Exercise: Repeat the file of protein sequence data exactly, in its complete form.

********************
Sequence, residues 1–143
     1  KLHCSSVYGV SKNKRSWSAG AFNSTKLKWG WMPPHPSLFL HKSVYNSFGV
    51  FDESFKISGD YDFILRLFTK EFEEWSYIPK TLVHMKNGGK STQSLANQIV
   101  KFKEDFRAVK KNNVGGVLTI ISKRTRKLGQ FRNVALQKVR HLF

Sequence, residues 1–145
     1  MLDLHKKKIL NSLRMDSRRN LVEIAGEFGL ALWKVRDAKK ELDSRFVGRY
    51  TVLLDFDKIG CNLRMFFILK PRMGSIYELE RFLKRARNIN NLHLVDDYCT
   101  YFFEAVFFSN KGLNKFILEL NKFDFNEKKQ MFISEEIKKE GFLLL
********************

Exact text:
Sequence, residues 1–143
     1  KLHCSSVYGV SKNKRSWSAG AFNSTKLKWG WMPPHPSLFL HKSVYNSFGV
    51  FDESFKISGD YDFILRLFTK EFEEWSYIPK TLVHMKNGGK STQSLANQIV
   101  KFKEDFRAVK KNNVGGVLTI ISKRTRKLGQ FRNVALQKVR HLF

Sequence, residues 1–145
     1  MLDLHKKKIL NSLRMDSRRN LVEIAGEFGL ALWKVRDAKK ELDSRFVGRY
    51  TVLLDFDKIG CNLRMFFILK PRMGSIYELE RFLKRARNIN NLHLVDDYCT
   101  YFFEAVFFSN KGLNKFILEL NKFDFNEKKQ MFISEEIKKE GFLLL